In early February, the Tatmadaw, Myanmar’s military, seized control and declared a state of emergency for the next year. Power was handed to General Min Aung Hlaing, the military’s commander-in-chief. The country’s de facto leader, state counsellor Aung San Suu Kyi, alongside other senior members of the ruling National League for Democracy (NLD) party were detained following increasing tensions over the November 8 election results. The military-backed Union Solidarity and Development Party (USDP) previously made allegations about election fraud after the NLD won majority seats by a landslide. However, in a joint statement, domestic election observer organisations said, “the results of the elections were credible and reflected the will of the majority voters“. They also urge the military to “respect the election result…to ensure post-election stability and a peaceful power transition“. The National Commission also called the election transparent and fair. This coup is a huge set back to the country’s stride towards democracy after electing Aung San Suu Kyi back in 2015. It is also reminiscent of Myanmar’s long history of military rule.
Authoritarian regimes often leave large corporations grappling with whether to involve or distance themselves. Japanese businesses operating in Myanmar, such as Toyota and Mitsubishi, are faced with a similar situation. Since 2011, when the junta were deposed, the country had been making strides towards democracy. Foreign investors pulling out now could be detrimental to the progress made. Political instability and concerns about reputation might sway many to take their business elsewhere. As one of the poorest economies in Asia, businesses leaving will only add to existing economic challenges. Furthermore, exiting now will mean foregoing investments that have grown in the past few years and are only beginning to generate returns. Experts also predict that companies apprehensive about investing in Myanmar could turn to China as an alternative.
The banking business has dramatically slowed down and is almost at a standstill due to mounting civil unrest. Bank staff have joined mass demonstrations with civil servants, healthcare staff and other workers to protest the military coup. Without staff to carry out various functions, like payroll services for companies, many banks have had to close their branches. A majority of lenders are still trying to keep online services and ATMs running, but the workforce shortage and constant internet shutdowns by the regime have made that difficult. As the time for paying monthly salaries approaches, analysts predict that these problems will become more apparent. Myanmar being a cash-based society, makes this a particularly critical matter. Before the coup, there was already a lot of economic uncertainty, even as the country began its transition to democracy with modern technology and improved lending practices. As the crisis at banks continues, it will become increasingly difficult for Min Aung Hlaing’s junta to carry on with business as normal, especially with the condemnation from Western nations.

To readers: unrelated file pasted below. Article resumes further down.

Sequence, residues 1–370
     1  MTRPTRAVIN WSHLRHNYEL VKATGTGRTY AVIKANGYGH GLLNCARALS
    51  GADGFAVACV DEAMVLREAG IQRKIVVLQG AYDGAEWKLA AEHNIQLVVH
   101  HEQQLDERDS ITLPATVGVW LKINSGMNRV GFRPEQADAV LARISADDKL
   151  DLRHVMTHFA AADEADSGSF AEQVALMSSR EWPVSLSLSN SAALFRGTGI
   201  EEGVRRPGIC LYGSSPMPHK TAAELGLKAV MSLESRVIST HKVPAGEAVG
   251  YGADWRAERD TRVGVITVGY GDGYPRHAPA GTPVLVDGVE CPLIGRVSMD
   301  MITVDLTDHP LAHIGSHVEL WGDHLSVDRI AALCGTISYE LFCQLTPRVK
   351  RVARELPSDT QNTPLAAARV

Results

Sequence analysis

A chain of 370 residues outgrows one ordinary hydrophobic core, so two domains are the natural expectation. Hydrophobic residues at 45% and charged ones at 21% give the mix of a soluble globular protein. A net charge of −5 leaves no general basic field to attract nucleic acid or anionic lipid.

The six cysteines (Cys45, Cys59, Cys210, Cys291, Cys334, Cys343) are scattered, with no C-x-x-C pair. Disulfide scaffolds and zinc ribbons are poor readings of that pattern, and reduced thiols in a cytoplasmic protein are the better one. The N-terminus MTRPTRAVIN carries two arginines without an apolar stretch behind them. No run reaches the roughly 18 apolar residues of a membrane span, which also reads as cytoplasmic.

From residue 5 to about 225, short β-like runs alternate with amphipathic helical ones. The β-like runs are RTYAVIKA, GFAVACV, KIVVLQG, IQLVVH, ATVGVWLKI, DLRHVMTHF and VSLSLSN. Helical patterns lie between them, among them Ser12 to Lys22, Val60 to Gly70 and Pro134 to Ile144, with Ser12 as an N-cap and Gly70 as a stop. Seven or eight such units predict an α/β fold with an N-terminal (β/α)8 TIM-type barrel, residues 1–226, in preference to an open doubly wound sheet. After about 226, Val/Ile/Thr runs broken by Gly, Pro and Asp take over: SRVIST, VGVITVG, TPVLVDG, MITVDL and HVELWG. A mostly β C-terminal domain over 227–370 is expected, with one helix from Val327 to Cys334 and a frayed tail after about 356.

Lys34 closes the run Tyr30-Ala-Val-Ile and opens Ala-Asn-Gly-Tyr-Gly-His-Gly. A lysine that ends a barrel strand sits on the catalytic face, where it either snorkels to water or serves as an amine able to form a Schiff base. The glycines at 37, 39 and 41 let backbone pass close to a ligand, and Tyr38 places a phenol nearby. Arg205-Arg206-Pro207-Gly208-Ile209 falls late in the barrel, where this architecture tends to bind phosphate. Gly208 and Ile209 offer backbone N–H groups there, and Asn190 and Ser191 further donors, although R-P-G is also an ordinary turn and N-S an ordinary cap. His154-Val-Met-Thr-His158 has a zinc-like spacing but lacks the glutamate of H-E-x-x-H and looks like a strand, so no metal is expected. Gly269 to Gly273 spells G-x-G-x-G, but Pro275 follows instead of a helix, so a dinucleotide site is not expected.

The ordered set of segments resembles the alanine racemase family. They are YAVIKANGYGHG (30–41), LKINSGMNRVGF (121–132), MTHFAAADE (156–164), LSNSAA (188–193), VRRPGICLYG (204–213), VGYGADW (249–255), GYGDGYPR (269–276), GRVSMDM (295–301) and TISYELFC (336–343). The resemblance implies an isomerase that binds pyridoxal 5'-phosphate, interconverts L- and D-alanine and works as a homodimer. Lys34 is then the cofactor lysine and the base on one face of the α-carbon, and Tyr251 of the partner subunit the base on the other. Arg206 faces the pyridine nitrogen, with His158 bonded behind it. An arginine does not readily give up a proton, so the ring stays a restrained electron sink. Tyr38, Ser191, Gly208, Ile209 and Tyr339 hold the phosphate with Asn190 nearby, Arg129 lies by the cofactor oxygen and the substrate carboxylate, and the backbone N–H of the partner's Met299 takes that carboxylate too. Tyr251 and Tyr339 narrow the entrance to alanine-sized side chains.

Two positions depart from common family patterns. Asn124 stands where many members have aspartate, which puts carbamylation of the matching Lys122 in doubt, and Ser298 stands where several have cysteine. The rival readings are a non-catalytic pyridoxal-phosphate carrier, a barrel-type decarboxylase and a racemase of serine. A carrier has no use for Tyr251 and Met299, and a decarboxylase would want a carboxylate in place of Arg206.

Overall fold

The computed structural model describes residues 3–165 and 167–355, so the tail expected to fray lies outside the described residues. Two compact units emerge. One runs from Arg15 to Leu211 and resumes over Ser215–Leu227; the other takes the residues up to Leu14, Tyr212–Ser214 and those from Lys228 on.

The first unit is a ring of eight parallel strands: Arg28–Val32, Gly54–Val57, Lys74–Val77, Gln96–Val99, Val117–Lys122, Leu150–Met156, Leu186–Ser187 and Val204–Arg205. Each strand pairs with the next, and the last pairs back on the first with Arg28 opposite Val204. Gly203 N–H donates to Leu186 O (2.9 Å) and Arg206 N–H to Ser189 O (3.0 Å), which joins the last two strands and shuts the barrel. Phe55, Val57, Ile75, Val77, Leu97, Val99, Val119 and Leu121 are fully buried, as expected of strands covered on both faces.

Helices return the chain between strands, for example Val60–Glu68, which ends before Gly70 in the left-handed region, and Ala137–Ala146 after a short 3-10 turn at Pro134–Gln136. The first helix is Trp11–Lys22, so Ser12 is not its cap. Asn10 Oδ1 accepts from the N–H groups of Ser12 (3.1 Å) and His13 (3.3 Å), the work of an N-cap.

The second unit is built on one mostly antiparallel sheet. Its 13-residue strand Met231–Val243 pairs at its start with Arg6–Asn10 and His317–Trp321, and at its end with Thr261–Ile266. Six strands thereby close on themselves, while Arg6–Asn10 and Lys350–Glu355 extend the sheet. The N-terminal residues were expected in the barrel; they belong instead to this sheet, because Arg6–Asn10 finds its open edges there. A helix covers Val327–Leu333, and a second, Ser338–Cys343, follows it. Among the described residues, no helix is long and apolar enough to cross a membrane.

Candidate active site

President Joe Biden has since announced that sanctions will be reinstated on the military leaders behind the coup. The US will freeze the $1 billion worth of government assets it currently holds, blocking military access. A list of targets for these sanctions was released by the US Treasury. It included the defence minister and home affairs minister as well as acting president, Myint Swe. Other companies within the jade and gems sector were also named. In a statement, President Biden said, “We’re also going to impose strong exports controls. We’re freezing US assets that benefit the Burmese government while maintaining our support for health care, civil society groups, and other areas that benefit the people of Burma directly“. Following US sanctions, the UK announced they would impose travel bans and freeze the assets of 3 generals. New measures were also put in place to stop UK aid from indirectly providing support to the military regime. In the past, the UK had already placed sanctions against 16 members of the military. Joining forces with the UK is Canada, as they too announced they would place sanctions against 9 military members. This was carried out under the Special Economic Measures Act, which permits governments to freeze assets. A trade ban on arms and any materials related as well as any related financial and technical aid has also been imposed.
On the other hand, most of Myanmar’s foreign ties are in Asia, so, from an economic standpoint, sanctions by Western nations might not be so damaging. (From a diplomatic one, such ties are extremely important, especially for a nation that was in the early stages of forming a democracy). It is also worth noting that Western nations retreating does not stop a military government from seeking investments in other places. For instance, Beijing is reliant on this region for its geostrategic plans as it offers them access to the Indian Ocean via pipelines and ports. This military government is still conscious of the economic struggles brought on by the pandemic. So their power grab, while destabilising, won’t pose a long-term threat to exports, and it’s unlikely that border checkpoints will close. Currently, the Federation of Thai Industries (FTI) has an optimistic outlook, hoping that this administration is tactful and doesn’t sever ties with all foreign investors.
That being said, condemnation from Western countries should not be underestimated either because it will have a ripple effect, and sanctions could discourage international companies from conducting business there. The pressure to relocate will build as they cannot be perceived to be in favour of the regime.